BJS: Bureau of Justice Statistics

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Bureau of Justice Statistics (BJS)
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BJS announces 60-day notice for two proposed collections about tribal lands
The Bureau of Justice Statistics (BJS) encourages comments for 60 days until April 5, 2016, on two new data collections for State and Local Justice Agencies Serving Tribal Lands (SLJASTL): Census of State and Local Law Enforcement Agencies Serving Tribal Lands (CSLLEASTL), and Census of State and Local Prosecutor Offices Serving Tribal Lands (CSLPOSTL) . Your comments to BJS's requests to the Office of Management and Budget (OMB), published in the Federal Register, should address points such as—

 —whether the proposed data collection is necessary, including whether the information will have practical utility
 —the accuracy of the agency's estimate of the burden of the proposed information collection, including the validity of the methodology and assumptions
 —whether and how the quality, utility, and clarity of the information to be collected can be enhanced
 —the burden of the information collection on respondents, including the use of appropriate automated, electronic, mechanical, or other technological collection techniques.

BJS announces 60-day notice for proposed collection: 2016 Supplemental Victimization Survey (SVS)
The Bureau of Justice Statistics encourages comments for 60 days until April 4, 2016, on the 2016 Supplemental Victimization Survey (SVS), which will measure the prevalence of stalking victimization, the types of stalking victimization experienced, the characteristics of stalking victims, the nature and consequences of stalking victimization, and patterns of reporting to the police. Your comments to BJS's requests to the Office of Management and Budget (OMB), published in the Federal Register, should address points such as—

 —whether the proposed data collection is necessary, including whether the information will have practical utility
 —the accuracy of the agency's estimate of the burden of the proposed information collection, including the validity of the methodology and assumptions
 —whether and how the quality, utility, and clarity of the information to be collected can be enhanced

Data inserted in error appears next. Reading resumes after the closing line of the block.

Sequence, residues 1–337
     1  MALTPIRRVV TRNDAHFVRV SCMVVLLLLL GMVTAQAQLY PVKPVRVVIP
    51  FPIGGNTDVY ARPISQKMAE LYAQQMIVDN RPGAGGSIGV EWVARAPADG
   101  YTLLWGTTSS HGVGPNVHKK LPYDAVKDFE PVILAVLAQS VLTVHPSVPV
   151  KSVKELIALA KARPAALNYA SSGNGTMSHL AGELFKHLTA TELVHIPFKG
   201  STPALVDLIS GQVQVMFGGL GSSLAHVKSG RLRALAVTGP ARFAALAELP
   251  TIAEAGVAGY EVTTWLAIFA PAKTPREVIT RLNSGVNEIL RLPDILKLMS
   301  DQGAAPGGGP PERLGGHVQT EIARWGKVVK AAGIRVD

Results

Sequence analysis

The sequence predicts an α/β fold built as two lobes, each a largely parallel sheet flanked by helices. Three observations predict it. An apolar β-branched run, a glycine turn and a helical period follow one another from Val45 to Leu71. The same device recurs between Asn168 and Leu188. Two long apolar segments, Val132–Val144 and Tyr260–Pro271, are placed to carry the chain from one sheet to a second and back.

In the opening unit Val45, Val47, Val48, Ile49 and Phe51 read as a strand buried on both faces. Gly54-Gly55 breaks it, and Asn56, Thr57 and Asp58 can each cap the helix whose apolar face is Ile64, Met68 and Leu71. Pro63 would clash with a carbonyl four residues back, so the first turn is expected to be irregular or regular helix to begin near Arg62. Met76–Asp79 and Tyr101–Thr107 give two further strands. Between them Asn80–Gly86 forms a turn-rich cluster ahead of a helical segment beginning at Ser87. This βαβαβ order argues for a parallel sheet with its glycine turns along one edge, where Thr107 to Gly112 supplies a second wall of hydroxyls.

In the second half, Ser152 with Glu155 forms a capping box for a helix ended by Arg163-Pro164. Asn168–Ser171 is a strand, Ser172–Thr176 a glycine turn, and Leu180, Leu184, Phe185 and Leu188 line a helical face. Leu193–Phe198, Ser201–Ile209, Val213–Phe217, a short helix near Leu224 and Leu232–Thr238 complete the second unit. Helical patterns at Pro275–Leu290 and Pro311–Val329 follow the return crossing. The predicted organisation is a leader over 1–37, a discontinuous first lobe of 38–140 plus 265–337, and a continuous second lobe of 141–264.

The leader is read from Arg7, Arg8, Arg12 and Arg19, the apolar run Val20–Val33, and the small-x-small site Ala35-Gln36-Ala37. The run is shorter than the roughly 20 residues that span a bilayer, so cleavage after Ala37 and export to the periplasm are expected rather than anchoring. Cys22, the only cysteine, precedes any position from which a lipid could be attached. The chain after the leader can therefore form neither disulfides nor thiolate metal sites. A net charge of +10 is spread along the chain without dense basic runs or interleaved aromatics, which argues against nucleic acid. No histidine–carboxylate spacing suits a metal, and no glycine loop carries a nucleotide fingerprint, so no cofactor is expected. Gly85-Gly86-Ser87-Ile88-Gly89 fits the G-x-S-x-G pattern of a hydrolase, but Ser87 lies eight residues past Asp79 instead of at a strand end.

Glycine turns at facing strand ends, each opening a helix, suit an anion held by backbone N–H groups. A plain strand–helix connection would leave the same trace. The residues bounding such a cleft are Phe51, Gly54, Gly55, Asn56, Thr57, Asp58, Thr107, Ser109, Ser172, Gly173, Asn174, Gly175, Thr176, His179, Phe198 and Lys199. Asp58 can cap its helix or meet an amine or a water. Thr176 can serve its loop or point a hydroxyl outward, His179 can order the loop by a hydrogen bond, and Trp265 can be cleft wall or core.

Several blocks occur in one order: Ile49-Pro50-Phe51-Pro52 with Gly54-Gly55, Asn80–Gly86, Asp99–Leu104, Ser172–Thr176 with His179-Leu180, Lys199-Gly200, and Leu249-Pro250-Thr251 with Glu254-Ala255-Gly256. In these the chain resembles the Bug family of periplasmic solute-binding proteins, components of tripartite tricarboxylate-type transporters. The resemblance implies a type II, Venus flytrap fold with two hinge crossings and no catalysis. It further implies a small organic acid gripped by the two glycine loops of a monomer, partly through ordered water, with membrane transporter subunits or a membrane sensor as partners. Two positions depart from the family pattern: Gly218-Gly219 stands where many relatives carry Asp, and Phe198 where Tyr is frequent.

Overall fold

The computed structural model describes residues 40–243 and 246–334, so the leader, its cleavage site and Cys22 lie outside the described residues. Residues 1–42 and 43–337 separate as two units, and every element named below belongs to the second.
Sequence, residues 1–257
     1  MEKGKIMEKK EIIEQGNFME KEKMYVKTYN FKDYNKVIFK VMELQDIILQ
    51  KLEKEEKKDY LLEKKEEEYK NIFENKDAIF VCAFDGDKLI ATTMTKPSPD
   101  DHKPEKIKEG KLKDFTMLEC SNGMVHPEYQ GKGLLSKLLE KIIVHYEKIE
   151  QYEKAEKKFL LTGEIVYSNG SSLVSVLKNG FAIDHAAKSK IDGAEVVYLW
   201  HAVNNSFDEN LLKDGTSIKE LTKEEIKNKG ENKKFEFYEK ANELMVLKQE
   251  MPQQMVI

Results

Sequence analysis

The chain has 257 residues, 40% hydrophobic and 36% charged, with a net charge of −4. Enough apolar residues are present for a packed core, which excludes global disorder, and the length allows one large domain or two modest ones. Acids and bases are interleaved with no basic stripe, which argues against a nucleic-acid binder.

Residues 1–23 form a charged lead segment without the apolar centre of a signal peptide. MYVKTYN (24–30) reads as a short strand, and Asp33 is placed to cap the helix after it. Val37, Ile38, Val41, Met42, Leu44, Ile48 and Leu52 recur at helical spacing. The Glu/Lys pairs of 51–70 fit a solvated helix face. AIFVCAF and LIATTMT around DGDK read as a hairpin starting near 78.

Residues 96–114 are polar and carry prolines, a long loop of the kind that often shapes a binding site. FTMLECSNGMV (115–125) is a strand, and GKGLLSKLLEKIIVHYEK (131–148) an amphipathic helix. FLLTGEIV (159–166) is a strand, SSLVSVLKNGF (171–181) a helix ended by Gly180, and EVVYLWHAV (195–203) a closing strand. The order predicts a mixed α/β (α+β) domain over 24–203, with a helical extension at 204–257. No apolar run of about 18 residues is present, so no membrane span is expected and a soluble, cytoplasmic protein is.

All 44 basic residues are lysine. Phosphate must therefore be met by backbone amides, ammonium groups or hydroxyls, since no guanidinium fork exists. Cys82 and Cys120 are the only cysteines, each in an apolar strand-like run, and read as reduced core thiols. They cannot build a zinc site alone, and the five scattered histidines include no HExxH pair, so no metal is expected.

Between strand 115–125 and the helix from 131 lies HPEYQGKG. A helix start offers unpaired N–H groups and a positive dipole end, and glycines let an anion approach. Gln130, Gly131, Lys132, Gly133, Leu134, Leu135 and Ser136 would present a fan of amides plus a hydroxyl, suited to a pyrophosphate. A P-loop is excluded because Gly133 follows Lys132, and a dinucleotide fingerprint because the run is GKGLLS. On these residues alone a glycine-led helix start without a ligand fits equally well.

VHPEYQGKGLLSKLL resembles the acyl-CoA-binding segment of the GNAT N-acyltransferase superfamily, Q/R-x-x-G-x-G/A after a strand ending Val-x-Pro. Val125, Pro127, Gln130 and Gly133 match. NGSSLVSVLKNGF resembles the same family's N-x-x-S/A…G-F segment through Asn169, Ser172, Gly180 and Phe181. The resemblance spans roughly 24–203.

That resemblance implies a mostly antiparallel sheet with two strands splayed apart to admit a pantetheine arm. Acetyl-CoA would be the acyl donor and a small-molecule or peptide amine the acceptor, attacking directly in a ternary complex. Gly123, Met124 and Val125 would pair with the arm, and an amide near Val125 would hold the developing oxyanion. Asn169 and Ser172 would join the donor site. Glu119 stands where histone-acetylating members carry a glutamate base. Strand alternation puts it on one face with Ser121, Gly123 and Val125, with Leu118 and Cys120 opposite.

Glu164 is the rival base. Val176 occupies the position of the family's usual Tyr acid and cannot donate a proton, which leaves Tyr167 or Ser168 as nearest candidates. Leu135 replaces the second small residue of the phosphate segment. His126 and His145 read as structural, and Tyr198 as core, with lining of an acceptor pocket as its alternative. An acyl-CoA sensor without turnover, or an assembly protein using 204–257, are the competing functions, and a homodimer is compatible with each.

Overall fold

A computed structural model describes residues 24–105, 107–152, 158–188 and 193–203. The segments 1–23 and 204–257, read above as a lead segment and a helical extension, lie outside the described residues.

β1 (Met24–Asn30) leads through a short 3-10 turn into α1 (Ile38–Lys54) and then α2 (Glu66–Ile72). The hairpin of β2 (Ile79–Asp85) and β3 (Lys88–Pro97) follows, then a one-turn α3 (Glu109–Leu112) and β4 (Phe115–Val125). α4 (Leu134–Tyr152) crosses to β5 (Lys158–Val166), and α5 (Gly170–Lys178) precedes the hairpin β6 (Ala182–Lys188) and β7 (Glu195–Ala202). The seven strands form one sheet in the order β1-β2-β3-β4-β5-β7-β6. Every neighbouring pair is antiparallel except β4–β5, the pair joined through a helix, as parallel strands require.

—the burden of the information collection on respondents, including the use of appropriate automated, electronic, mechanical, or other technological collection techniques.

New data added to the Prisoner Recidivism Analysis Tool (PRAT)
This new data analysis tool allows users to calculate recidivism estimates of persons released from state prisons in 2005. The tool defines recidivism as an arrest for a new crime following release. Users may generate monthly cumulative recidivism rates and annual failure rates by—

 —demographic characteristics
 —criminal histories
 —sentence attributes.

Data are from BJS's Recidivism Study of State Prisoners Released in 2005, which tracked a sample of former inmates from 30 states for five years following release in 2005.


Bureau of Justice Statistics announces Jeri Mulrow as Principal Deputy Director

 On January 25, 2016, Jeri Mulrow joined BJS as Principal Deputy Director. She comes to us from the National Center for Science and Engineering Statistics (NCSES) at the National Science Foundation where she was Deputy Division Director. Jeri has 30 years of experience as an applied statistician working in government, industry, and academia. She has a distinguished career as a statistician both in and out of the federal government. She has worked at the National Institute of Standards and Technology (NIST), Southern Illinois University, the Statistics of Income Division at the Internal Revenue Service (IRS), NORC at the University of Chicago, and Ernst & Young, LLP. Jeri is also a fellow of the American Statistical Association (ASA) and is currently serving a three-year elected term as Vice President of ASA. She has a Bachelor's in Mathematics from Montana State University and a Master's in Statistics from Colorado State University.


BJS announces 60-day notice for proposed new collection: Census of Victim Service Providers (VSP Census)
The Bureau of Justice Statistics (BJS) encourages comments for 60 days until March 11, 2016, on the Census of Victim Service Providers, which will be the first national collection to gather data on the characteristics, functions, and resources of entities that provide assistance to victims of crime or abuse. Your comments to BJS's requests to the Office of Management and Budget (OMB), published in the Federal Register, should address one or more of the following four points —

 —whether the proposed data collection is necessary, including whether the information will have practical utility
 —the accuracy of the agency's estimate of the burden of the proposed information collection, including the validity of the methodology and assumptions
 —whether and how the quality, utility, and clarity of the information to be collected can be enhanced
 —the burden of the information collection on respondents, including the use of appropriate automated, electronic, mechanical, or other technological collection techniques.


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